Charang is a delightful little village near the Indo-Tibet border in Kinnaur – the less explored & non-touristy part of Himachal Pradesh in India. The Kinner Kailash Parikrama is considered incomplete without receiving blessings at the ancient 11th century Charang monastery also called the Rangrik Shungma – the holiest temple of Kinnaur.

Charang monastery panorama
Charang monastery panorama

Just 2 kms from the Charang village, it’s more like a stroll on a narrow path along the river up to the monastery. And we walked leisurely, through fields surrounded by harsh rocky mountains, chatting with the friendly locals we met on the way.

Barley fields of Charang village
Heaps of Barley
Flowers of Charang village
Flowers of Charang
Donkeys on Charang monastery trail
Donkeys on Charang monastery trail
Charang monastery trail
Charang monastery trail
Tidong stream flowing below Charang
Tidong stream flowing below Charang village. ITBP has built a Helipad by the stream.

It’s a gorgeous monastery made of mud, stones, and wood but very different looking than any other I’ve visited before. Once a center of learning & worship, it has some of the oldest Buddhist texts, murals, and Thangka paintings. Brightly colored flowers manicured all around the temple complex and a room with a collection of bone and ivory knives & daggers, which only men could view!

A chorten inside Charang monastery campus
A chorten inside Charang monastery premises
Charang monastery entrance
Charang monastery entrance
Thangka painted roof of the Charang monastery
Left: Charang monastery premises Right: Thangka painted roof of the monastery
A chorten inside Charang monastery premises.
Left: A wall around Charang monastery Right: A chorten inside monastery premises.
Windows of Charang monastery
Windows of Charang monastery
Charang monastery premises
Left: Charang monastery premises Right: Charang Monastery roof
Gate of Charang monastery
Left: Gate of Charang monastery Right: Charang monastery campus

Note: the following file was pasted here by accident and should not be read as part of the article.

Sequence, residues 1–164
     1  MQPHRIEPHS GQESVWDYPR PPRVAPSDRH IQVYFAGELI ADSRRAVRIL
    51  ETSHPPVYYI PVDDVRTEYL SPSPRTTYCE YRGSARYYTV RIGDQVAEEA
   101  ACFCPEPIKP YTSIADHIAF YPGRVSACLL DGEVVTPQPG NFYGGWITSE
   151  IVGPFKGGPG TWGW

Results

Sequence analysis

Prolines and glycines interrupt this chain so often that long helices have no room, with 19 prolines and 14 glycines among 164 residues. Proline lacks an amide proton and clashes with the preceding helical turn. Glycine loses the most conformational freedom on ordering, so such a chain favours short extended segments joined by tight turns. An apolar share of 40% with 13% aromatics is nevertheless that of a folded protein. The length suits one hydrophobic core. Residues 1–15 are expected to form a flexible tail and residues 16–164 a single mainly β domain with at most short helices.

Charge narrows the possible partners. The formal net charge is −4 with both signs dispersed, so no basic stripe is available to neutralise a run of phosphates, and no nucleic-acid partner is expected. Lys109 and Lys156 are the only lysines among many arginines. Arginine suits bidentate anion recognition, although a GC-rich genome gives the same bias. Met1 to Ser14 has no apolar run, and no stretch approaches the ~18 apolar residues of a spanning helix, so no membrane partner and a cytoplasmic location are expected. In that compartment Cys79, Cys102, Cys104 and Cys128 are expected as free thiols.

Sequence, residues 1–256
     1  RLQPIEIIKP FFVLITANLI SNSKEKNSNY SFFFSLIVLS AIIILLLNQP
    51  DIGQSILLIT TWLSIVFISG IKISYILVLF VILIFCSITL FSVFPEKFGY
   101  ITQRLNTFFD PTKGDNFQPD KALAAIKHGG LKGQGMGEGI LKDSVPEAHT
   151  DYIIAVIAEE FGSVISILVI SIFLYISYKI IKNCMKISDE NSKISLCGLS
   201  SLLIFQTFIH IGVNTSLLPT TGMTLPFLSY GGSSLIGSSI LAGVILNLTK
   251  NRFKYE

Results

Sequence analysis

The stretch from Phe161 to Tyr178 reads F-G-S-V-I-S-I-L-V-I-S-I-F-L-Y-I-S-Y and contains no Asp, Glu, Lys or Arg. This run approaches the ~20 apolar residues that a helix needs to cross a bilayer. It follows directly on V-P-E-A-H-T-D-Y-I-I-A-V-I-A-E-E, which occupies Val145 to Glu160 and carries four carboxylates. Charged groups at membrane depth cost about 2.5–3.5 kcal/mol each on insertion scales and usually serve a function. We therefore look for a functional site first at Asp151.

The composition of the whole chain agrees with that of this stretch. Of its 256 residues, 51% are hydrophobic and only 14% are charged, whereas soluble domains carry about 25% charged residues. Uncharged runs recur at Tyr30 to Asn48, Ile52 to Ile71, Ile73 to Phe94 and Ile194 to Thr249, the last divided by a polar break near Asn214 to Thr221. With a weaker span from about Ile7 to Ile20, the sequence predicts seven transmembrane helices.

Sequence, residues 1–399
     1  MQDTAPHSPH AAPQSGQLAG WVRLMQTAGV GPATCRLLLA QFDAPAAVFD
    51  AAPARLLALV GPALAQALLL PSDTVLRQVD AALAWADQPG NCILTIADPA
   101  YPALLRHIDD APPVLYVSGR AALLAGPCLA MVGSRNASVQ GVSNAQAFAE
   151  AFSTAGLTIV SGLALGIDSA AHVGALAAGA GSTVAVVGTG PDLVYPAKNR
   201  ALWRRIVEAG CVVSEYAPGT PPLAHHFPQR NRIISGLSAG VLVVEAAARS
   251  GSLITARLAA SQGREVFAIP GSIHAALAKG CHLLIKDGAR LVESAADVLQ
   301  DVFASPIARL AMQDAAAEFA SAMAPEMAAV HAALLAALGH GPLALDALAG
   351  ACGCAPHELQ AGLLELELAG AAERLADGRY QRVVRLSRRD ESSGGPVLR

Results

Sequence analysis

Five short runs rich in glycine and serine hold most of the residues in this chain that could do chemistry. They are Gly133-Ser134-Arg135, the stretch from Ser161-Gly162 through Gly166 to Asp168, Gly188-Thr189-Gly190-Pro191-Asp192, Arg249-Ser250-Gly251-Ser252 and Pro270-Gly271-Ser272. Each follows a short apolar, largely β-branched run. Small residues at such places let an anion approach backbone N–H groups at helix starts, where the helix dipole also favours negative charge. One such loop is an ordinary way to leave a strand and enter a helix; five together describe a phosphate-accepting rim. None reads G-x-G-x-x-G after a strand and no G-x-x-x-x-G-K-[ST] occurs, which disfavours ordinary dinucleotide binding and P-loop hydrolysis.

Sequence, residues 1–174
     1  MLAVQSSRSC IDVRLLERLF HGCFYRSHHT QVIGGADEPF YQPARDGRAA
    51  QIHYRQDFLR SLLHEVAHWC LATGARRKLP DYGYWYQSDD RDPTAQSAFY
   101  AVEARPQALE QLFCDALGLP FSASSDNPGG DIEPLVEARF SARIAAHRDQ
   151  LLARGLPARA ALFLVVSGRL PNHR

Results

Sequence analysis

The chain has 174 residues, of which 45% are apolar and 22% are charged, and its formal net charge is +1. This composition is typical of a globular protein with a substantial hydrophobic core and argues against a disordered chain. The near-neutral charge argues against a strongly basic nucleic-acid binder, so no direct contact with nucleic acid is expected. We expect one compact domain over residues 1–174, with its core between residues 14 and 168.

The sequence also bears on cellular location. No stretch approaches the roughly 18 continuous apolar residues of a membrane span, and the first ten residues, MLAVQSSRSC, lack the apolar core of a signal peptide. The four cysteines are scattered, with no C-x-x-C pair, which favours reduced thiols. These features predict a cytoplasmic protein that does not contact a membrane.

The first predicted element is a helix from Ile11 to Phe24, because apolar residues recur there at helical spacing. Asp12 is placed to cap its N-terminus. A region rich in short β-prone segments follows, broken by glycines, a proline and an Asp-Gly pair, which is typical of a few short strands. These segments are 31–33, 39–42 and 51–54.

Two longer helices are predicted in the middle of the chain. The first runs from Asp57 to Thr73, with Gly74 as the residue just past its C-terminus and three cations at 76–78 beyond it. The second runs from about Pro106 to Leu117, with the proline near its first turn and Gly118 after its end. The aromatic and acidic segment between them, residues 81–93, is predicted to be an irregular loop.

Buddhist flags fluttering in Charang
Buddhist flags fluttering over a house in Charang

Two Buddhist nuns take care of the monastery and live there; they greeted us with endless cups of butter tea! One of the nuns at the monastery was suffering from fever and chapped lips caused by the extreme cold and dry weather at that altitude. We offered her some medication and she remembered my brother! Pointing at the holy thread around his neck, as she could barely talk with her broken lips, she said, “Oh I remember you. You were here last year and had offered some medicines then too! How have you been? You are still wearing the holy thread; get a new one this time. It’s so nice to see you again!”

A Jomo(nun) of Charang monastery
A Jomo(nun) of Charang monastery(Rangrik Tungma)
Nuns of Charang monastery
Nuns of Rangrik Tungma monastery of Charang
A dog of Charang village
A cute dog of Charang village
Charang village landscape
Charang village landscape

Sipping on delicious tea amidst conversations I wondered how it would be to live in this remote little place tucked deep within the mighty Himalayas cut off from the world, with nothing but the beauty and fury of nature. And as exciting as it felt, I shivered at the thought of it. But in retrospect, I guess this thought prepared me mentally for what was ahead of us – the Kinner Kailash Parikrama! And I feel fortunate to have had this opportunity. It would be another challenging experience to visit Charang in winter, all covered in snow!

View of Charang village
View of Charang village in the distance from the monastery

This arduous trek was special in so many ways and it got even more memorable. One of my landscape images (Panorama from Charang La pass – beginning of this post) of the Kinner Kailash Parikrama Trek, adorns a center spread in the book Guge – Ages of Gold! The book is by Peter Vam Ham, a Frankfurt-based author, and photographer who has researched Himalayan culture for nearly thirty years and documented it in a dozen books to date. It showcases breathtaking views of the temple complexes, relics from the era that have survived to the present day, from both the Indian and the Tibetan side of the old Kingdom of Guge. I feel honored and it inspires me to travel more and share my stories! 🙂

Rangrik or Charang Monastery
Rangrik Tungma or Charang Monastery

Blog by: Ritu Saini

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Kinner Kailash Parikrama Trek Blog

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Kailash Circuit In Kinnaur

Kinner Kailash Parikrama in Kinnaur is one of the toughest treks in Himachal, around the holy Mount Kailash, also called Kinner Kailash in Kinnaur. It’s a 60 Km trek, which starts in Thangi through Charang, Lalan Ti, crossing Charang La pass (17,194 ft) and ends in Chitkul village – the last inhabited village accessible by road, near the Indo-Tibet border in Baspa valley of Kinnaur, Himachal Pradesh.

Kinner Kailash parikrama: on top of Charang La pass
Kinner Kailash parikrama: on top of Charang La pass